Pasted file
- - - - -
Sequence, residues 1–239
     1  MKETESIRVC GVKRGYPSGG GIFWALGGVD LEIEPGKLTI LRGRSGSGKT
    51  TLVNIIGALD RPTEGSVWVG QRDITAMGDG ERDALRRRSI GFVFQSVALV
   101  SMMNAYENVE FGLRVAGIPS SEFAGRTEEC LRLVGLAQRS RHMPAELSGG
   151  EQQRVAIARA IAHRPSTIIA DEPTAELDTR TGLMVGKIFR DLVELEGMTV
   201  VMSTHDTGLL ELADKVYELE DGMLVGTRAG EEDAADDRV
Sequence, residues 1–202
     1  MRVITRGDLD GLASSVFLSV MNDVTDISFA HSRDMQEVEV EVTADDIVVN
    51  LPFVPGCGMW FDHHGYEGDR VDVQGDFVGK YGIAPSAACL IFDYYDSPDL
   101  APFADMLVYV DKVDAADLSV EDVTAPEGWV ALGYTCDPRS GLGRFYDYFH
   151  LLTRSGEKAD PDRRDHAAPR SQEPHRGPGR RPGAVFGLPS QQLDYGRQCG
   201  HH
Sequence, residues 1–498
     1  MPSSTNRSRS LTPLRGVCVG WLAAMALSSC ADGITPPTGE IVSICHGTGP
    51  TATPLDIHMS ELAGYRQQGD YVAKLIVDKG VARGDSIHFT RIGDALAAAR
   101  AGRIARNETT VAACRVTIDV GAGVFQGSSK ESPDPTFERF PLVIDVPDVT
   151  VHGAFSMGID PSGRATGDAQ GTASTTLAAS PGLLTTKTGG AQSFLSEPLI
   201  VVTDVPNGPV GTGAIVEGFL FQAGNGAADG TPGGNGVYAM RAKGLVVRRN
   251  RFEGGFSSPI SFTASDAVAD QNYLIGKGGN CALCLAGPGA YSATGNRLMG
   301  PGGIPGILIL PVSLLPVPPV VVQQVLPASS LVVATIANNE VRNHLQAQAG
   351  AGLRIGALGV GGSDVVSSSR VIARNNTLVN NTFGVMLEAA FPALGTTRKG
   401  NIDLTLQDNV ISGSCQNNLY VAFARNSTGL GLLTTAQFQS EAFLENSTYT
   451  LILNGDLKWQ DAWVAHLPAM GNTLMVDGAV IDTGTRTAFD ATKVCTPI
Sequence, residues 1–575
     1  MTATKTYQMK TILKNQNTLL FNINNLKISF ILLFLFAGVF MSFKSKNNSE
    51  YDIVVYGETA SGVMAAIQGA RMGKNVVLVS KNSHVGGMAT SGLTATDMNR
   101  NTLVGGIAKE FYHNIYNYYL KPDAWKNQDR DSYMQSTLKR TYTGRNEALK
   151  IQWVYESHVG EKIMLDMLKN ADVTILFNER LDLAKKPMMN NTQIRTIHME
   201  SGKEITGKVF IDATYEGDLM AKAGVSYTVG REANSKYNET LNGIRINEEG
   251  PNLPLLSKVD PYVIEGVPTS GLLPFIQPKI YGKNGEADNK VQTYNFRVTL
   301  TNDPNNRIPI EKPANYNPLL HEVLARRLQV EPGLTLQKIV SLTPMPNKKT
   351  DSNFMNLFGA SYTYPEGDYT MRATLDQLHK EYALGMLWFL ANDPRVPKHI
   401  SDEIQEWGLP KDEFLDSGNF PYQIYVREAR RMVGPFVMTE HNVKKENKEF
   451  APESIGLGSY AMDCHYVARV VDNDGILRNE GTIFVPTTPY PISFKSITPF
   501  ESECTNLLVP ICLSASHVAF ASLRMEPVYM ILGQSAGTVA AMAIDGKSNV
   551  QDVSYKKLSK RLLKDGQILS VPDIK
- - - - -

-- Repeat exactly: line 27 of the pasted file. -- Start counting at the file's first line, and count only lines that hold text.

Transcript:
   101  NTLVGGIAKE FYHNIYNYYL KPDAWKNQDR DSYMQSTLKR TYTGRNEALK